United States Mint numismatic American Silver Eagles, America the Beautiful Five Ounce Silver Uncirculated Coins, and several sets may become cheaper as a result of plummeting silver prices. The white precious metal has dived by more than $10 to below $30 an ounce since a week ago, and as a result the Mint on Monday initiated several product suspensions.
Customers visiting the Mint’s online store will see a message of "This product is temporarily unavailable for product repricing" on eight product pages.
[Update: On Wednesday, October 5, the Mint suspensions for its four proof silver sets ended. They returned at the same prices. As of this writing (1:54 p.m. ET October 6), the other products remain suspended.]
[Update 2: On Friday, October 6, the Mint resumed selling the Silver Eagles for $9.50 less and five ounce coins for $50 less.]
|United States Mint Suspended Numismatic Product||Pre-Suspension Price|
|2011 Uncirculated American Silver Eagles||60.45|
|2011 Proof American Silver Eagles||68.45|
|2011 United States Mint Silver Proof Set||67.95|
|2010 United States Mint Silver Proof Set||64.95|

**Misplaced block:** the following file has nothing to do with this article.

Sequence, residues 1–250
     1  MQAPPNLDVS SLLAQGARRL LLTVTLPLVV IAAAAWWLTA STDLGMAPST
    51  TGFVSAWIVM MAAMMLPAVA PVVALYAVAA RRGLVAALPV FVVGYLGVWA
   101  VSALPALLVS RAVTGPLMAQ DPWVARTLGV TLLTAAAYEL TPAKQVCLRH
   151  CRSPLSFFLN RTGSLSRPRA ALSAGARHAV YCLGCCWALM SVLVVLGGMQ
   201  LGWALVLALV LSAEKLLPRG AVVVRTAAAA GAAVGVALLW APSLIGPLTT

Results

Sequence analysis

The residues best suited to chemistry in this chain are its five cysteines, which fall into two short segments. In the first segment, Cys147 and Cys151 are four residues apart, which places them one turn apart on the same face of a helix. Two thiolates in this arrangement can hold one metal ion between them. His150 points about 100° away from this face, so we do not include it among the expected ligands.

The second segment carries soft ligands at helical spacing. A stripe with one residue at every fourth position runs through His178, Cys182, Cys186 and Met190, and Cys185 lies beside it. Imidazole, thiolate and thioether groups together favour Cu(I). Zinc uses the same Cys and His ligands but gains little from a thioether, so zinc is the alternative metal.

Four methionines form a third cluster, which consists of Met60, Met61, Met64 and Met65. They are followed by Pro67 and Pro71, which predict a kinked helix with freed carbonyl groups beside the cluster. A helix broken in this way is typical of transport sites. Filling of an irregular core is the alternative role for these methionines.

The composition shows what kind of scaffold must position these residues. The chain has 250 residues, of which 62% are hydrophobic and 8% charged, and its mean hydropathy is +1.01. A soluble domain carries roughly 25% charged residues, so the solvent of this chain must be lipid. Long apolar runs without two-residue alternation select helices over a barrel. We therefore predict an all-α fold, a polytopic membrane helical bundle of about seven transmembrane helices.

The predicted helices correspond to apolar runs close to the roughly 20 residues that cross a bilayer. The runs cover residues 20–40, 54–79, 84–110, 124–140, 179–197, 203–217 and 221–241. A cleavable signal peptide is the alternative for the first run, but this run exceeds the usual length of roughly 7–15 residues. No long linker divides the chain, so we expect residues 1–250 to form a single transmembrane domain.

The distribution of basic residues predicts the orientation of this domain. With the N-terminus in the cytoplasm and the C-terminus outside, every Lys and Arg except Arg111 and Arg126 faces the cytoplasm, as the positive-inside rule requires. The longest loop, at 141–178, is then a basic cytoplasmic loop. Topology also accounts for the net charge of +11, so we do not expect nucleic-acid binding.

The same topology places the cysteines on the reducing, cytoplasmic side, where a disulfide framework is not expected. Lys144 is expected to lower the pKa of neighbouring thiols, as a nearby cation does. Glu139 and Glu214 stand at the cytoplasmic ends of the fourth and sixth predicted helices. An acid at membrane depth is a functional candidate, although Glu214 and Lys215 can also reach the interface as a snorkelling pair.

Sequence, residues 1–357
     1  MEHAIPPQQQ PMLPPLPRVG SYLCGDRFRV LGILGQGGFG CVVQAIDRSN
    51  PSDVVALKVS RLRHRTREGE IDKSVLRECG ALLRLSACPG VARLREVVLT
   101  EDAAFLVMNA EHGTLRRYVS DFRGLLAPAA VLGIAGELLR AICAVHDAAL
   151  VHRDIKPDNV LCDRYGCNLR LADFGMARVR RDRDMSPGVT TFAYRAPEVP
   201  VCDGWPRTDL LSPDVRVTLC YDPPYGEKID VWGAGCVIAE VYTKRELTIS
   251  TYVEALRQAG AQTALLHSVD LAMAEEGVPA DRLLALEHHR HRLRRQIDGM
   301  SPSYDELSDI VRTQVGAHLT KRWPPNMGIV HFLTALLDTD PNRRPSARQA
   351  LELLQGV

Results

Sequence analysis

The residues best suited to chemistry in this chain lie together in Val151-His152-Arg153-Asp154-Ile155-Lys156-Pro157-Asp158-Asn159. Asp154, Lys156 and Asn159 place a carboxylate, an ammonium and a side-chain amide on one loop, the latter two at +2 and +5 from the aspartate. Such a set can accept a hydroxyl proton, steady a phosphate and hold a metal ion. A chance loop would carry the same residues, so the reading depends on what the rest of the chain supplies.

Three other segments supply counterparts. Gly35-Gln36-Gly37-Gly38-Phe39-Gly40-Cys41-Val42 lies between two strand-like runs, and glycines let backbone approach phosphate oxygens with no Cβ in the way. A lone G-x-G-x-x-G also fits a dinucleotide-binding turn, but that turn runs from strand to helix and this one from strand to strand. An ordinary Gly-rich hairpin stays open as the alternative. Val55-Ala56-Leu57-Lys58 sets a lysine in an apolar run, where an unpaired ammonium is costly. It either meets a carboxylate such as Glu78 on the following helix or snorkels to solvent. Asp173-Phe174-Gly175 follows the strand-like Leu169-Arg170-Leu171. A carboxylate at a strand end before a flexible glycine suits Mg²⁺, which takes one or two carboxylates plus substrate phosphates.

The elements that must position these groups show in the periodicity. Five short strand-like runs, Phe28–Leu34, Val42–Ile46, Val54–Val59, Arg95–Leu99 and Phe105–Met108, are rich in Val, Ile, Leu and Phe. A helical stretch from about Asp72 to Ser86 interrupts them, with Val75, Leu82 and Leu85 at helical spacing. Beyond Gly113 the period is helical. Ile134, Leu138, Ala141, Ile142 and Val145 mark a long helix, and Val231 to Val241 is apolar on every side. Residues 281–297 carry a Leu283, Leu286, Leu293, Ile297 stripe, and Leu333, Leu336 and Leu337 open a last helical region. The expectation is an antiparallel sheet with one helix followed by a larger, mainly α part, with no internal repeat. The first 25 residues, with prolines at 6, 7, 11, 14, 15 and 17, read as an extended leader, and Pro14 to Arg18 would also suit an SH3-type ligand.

|2011 United States Mint America the Beautiful Quarters Silver Proof Set||41.95|
|2010 United States Mint America the Beautiful Quarters Silver Proof Set||39.95|
|2011 ATB Gettysburg National Military Park 5 Ounce Silver Uncirculated Coin||279.95|
|2010 ATB Mount Hood National Forest 5 Ounce Silver Uncirculated Coin||279.95|
United States Mint commemorative coins for the 2011 Medal of Honor and the 2011 US Army products were not affected, and neither were the 2011 September 11 National Medals. Each of them is presently available.
As mentioned earlier, the instigator for the suspensions is volatility in the precious metals market. The price of silver on the London Fix was $28.16 an ounce on Monday, $32.90 last Friday, and $40.46 a week ago Monday. The metal had been hanging out around $40 an ounce since mid-July.
Product sales suspensions are nothing new for the Mint. Several occurred in the last few months for both gold and silver-related coins and sets. The last time it affected silver products was toward the beginning of September when the white metal surged to $43.50 an ounce. Only the sets were affected, and the suspension lasted ten days. The United States Mint resumed their sales at unchanged prices when precious metals stabilized.
A similar scenario could take place again. It is not known how long the Mint will halt sales this time, but if it changes its product pricing, then according to previous practice, the new prices will be posted in the Federal Register before they are implemented.
As far as numismatic gold products are concerned, no halts or changes have been made as of this writing, although gold has also plummeted. The Mint does have a published pricing policy for its numismatic gold products. Based on it and current prices, it is likely that collector gold coins will see significant price reductions on Wednesday.